MANILA, JANUARY 19, 2011—A comprehensive study leading to a master plan that will help reduce the vulnerability of Metro Manila and surrounding areas to destructive floods will soon get underway following the approval of a grant from the World Bank-administered Global Facility for Disaster Reduction and Recovery (GFDRR) Trust Fund.
The grant, which amounts to $1.5 million, responds to the recommendations of the Post-Disaster Needs Assessment (PDNA) for the Philippines after it was devastated in 2009 by heavy floods caused by typhoons “Ondoy” (Ketsana) and “Pepeng” (Parma).
According to the PDNA, typhoons Ondoy and Pepeng caused massive damage and losses amounting to US$4.4 billion, equivalent to 2.7 percent of the country’s Gross Domestic Product. The Report recommended, among other measures, the formulation of a comprehensive flood management master plan to deal with the continuing vulnerability of Metro Manila and its surrounding areas to floods.
Signing for the Philippine Government, Finance Secretary Cesar Purisima said that the grant will boost the government’s efforts to strengthen the resilience of Metro Manila and surrounding towns and cities against floods and similar disasters. “Typhoons Ondoy and Pepeng affected close to one million people, many of whom belong to the poorest of the poor. Preventing similar disasters entails reforms in key governance issues such as land use planning, housing, water management, environmental protection, and disaster risk reduction. This grant provides us additional resources to accelerate these reforms. We'd like to thank the World Bank once again for their assistance to the Filipino people.”
The grant was provided by the GFDRR using funds earmarked for the Philippines by the Government of Australia through the Australian Agency for International Development (AusAID). GFDRR is a partnership of 32 countries and 6 international organizations, including the World Bank, committed to helping developing countries reduce their vulnerability to natural hazards and adapt to climate change.
Secretary Rogelio Singson of the Department of Public Works and Highways said the master plan will inform policy, engineering and financial decisions to ensure that lines of accountability among agencies involved in flood management are clarified and adequate infrastructures are put in place. Equal attention, he said, will be given to non-structural measures such as community participation, catchment protection and reforestation, early warning, and emergency preparedness as an approach to flood management.
“Considering that Metro Manila accounts for roughly 40 percent of the Philippine GDP and hosts over 20 million residents, an adequate flood management framework that would provide protection to life and property against floods is a necessary undertaking for the Government,” Secretary Singson said.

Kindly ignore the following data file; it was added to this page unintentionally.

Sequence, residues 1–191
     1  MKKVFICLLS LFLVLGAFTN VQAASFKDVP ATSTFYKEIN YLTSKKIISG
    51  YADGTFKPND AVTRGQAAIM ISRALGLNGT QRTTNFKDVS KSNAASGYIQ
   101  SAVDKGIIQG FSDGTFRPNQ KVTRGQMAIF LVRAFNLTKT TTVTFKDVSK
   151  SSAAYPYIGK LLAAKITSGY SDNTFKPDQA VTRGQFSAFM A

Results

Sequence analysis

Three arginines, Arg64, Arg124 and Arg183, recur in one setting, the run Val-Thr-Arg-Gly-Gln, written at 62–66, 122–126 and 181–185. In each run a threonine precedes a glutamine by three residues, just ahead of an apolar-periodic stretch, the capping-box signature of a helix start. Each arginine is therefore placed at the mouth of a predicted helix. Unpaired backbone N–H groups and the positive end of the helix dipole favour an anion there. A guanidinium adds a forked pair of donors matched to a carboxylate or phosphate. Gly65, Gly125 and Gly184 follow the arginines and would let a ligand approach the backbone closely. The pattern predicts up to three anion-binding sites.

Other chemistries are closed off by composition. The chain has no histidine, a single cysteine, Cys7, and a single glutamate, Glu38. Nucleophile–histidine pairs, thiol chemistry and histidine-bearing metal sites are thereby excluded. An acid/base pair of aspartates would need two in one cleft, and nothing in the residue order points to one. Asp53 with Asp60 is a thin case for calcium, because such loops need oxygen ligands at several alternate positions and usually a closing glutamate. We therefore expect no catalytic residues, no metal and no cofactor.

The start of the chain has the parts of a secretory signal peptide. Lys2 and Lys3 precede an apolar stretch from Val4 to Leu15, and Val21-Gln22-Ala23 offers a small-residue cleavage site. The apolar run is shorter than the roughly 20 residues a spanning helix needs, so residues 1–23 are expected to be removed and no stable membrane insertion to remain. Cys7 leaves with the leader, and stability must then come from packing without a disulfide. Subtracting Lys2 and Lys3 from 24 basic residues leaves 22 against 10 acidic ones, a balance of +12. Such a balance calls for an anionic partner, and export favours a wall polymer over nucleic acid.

The formulation of the master plan will be undertaken for a period of 13 months. The Philippine Government, through the DPWH’s leadership, will provide overall supervision. The technical assistance will build on the various efforts undertaken by the government, stakeholders, and development partners which have built extensive knowledge on disaster risk management and infrastructure planning in Metro Manila.
World Bank Country Director Bert Hofman said the grant is part of the institution’s commitment to the Philippines under its Country Assistance Strategy (CAS) for the period 2010-2012. With the theme “Making Growth Work for the Poor,” the CAS seeks to reduce the vulnerability particularly of the poor to external shocks, including those arising from natural disasters. “In addition to the master plan, the World Bank is assisting the Philippine Government in coming up with a risk finance strategy to reduce the fiscal burden arising from increasing costs of disasters, and in building the capacities of high risk LGUs to deal with natural disasters,” said Mr. Hofman.
Mr. Hofman said that support for Metro Manila’s flood master plan is an important addition to the World Bank’s engagement in disaster risk reduction and management as well as climate change adaptation.
He added that the Bank has just approved a Global Environment Facility-funded Philippines Climate Change Adaptation Project that focuses on making agriculture and national resources management more climate-resilient. He said that the Bank is also implementing a Climate Change in Coastal Areas Project with financing from a Norwegian trust fund grant aimed at assisting local communities in reducing vulnerabilities to climate change impacts and strengthening disaster risk management in coastal areas.
“Many of the country’s poor live in environmentally fragile and hazardous areas such as waterways, sea walls, slopes, and low-lying areas, making them vulnerable to natural disasters like floods and typhoons,” said Mr. Hofman. “We are committed to working with the government and other sectors of society including civil society and the private sector in reducing people’s vulnerability to natural disasters as well as strengthening the country’s resilience to these calamities.”